Anantara Blogs Elephant Tails

The Wrong Light

By John Roberts
11 July 2017 00:53:00

It is not often you’ll see me plugging a movie in these pages but I’ll do it now.

I do it not because I’m a producer of this one (in a Kickstarter kind of way); not because I introduced one of these ladies to elephants, unknowing of this story and after the story had happened; not really even because since I’ve been messing around with elephants up here I have seen this as a far bigger issue, not only the abuse of the ladies, girls & boys in question but the ‘industry’ that has grown up around their ‘rescue’ - with some genuine organisations; some good ones that, nonetheless, cause harm by seeking to enforce their values onto the children, have them grow up separate from the people who are their people and; of course, the outright frauds of which this movie highlights one of several I have tripped over down the years.

I do it because every time I read these stories I am reminded - much less seriously, what can be more serious than a child’s life? - of the elephant rescue industry and the parallels.

Only John could take a story as serious, as sad, as this and think, “hey, it’s all about meeeeee!”.

But, you see, in any business where donation money is to be made from providing life improvements for things people care about, children/elephants, continued donations often require new stories and the temptation, for some it seems, is to embellish or make up stories.

Every elephant, no matter where acquired from must be a “rescue”, its previous life must have been hell, its conditions now unimaginably better.

You hear some questionable things down the years: perfectly healthy elephants bought for vast donated sums only to be presented as beasts in need of urgent care; missions to the Thai/Myanmar border because “I’ve got a donation for another rescue, I need to produce an elephant”; blind elephants being bought for more than a similar, sighted elephant because “every sanctuary needs a blind elephant”.

I could go on, but I won’t.  Of course, in most cases, the seller takes the massive money given and buys another elephant to look after in exactly the conditions the buyer gets busy terming as abusive for their donor.

We had a case here.  An elephant with us for 2 1/2 years; you’ve seen our place or you’ve read about our work, nowhere is perfect and we certainly do not claim it, but we certainly provide veterinary care, fodder, enrichment, other elephant quality time and a natural environment.  This particular elephant was a bit tough, we remember, because they were one of the cases where we had to daily pressure the mahout to get the free roaming happening, to ensure the exercise is done.

But that’s the downside of not buying elephants, when mahout and owner is not predisposed to follow our way of doing things it requires pressure from us to get it done - we can’t just replace the mahout and keep going - so we cajole, shame, fine where necessary to make it happen.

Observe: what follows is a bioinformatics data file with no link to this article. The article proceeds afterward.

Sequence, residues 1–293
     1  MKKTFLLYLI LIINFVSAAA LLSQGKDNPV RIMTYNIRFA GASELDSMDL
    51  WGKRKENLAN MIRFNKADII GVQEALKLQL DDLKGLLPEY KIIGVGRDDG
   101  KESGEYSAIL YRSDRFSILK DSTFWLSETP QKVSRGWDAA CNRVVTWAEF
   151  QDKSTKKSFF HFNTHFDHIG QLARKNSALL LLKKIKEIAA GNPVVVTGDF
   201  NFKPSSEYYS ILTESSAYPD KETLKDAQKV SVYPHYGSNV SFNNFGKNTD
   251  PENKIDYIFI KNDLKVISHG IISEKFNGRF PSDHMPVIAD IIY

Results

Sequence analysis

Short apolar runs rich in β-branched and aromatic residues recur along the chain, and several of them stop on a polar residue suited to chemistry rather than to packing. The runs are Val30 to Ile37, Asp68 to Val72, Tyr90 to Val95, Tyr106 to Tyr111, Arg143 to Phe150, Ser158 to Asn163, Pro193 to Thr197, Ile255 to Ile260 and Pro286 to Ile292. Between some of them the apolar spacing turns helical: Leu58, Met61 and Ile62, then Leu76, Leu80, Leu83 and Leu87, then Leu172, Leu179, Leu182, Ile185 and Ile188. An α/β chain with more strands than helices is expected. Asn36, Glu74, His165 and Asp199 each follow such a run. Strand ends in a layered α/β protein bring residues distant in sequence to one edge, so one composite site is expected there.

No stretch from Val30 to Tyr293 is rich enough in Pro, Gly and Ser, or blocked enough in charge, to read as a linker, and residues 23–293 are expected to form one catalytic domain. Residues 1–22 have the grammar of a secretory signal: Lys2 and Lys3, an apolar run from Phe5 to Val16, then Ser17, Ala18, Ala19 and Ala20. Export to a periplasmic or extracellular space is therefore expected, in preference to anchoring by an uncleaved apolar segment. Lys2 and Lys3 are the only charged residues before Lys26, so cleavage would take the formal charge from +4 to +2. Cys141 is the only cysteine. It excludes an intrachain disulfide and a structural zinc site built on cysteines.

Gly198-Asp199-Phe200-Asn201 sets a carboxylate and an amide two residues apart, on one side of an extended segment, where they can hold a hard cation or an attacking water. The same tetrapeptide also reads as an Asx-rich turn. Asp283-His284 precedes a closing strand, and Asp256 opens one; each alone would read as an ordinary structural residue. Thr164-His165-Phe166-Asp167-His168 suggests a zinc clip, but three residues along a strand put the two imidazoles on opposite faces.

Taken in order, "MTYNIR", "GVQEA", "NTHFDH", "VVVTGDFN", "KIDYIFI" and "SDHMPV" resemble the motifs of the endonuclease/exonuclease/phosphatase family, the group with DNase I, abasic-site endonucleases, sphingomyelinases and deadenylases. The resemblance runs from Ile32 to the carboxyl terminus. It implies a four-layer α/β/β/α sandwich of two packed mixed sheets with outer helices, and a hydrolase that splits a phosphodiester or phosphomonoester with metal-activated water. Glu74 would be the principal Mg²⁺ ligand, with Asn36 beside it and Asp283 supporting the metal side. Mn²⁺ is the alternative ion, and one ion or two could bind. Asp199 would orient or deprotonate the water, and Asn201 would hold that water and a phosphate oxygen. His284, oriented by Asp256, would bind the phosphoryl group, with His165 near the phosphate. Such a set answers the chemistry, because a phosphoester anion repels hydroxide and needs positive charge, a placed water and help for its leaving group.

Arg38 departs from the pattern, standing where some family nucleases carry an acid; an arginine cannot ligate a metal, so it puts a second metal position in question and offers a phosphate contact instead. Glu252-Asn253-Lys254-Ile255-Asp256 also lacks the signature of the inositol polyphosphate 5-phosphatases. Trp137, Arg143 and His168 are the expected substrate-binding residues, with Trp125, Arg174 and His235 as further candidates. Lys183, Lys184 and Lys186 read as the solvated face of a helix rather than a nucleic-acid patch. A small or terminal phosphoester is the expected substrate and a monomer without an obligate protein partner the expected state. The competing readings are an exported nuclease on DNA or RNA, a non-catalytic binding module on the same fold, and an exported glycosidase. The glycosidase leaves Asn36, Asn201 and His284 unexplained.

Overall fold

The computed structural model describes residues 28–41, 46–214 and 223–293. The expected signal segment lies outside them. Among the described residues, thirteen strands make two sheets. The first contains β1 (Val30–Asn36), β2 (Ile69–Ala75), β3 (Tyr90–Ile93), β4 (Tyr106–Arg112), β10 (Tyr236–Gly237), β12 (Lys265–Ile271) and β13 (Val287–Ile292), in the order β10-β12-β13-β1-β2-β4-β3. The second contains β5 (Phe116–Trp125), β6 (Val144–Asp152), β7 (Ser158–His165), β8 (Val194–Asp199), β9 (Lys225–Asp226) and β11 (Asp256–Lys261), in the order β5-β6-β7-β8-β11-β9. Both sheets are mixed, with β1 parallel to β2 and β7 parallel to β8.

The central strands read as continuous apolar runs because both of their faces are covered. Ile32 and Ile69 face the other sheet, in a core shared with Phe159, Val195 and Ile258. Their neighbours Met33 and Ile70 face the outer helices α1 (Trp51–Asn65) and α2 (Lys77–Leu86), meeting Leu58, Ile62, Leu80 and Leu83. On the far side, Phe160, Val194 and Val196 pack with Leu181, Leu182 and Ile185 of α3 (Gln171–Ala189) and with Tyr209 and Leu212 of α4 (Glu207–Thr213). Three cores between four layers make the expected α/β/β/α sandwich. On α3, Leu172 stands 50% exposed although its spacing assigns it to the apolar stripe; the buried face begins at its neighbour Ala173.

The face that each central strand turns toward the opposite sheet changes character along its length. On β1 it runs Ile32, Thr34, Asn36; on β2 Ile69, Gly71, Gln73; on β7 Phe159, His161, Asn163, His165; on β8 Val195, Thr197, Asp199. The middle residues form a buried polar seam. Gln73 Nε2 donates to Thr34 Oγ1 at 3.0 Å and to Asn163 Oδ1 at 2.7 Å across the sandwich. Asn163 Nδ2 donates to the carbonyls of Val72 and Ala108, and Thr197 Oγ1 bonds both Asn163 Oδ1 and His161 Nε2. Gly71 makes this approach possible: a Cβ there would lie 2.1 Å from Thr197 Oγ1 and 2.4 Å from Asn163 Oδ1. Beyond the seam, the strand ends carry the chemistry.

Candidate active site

At a certain point, as they sometimes do, the mahout told us he was bored of all the nagging, he didn’t get into mahouting to have to exercise, to have to watch his elephant socialising in the grassland (we won’t go into why he did go into being a mahout) and he was leaving with his elephant.

The allotted day arrived, the ele left, I didn’t attend because I never do.  Marriages yes, funerals no; welcome parties yes, farewells no - just a ‘me’ thing.

Three months later the elephant turns up on Facebook, I won’t share the quotes to protect the innocent but let's just say ‘telling tales of drunkenness and cruelty’ doesn’t touch it - and all piled on ‘the last camp’.  Now, technically, we weren’t the last camp, the elephant was elsewhere for three months - it so happens because we have a network we know where, what happened and who arranged it (not us).  

But the elephant still pops up in Facebook from time to time with a lot of “for the first time in its life it is getting vet care/love/proper food/exercise” you name it, if you are the person who donated to take this elephant from us, you believe that we never provided - I’m thick skinned by now but the team, the guys who daily went and shook the mahout from his bed and forced him to help them provide this, they get a look of murder in their eyes once they’ve dried their tears.

Now, watch “The Wrong Light”, it is powerful stuff about a much more serious problem, but if you have emotion left at the end, think a little of elephants and how the business of ‘rescue’ can work.

The Wrong Light opens in NYC Friday July 14th at Cinema Village and in LA July 21st at Laemmle's Monica Film Center

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Flirting with charming two-ton beauties and playing with jumbo babies, our Elephant Guru's blog introduces our colourful cast of gentle giants.

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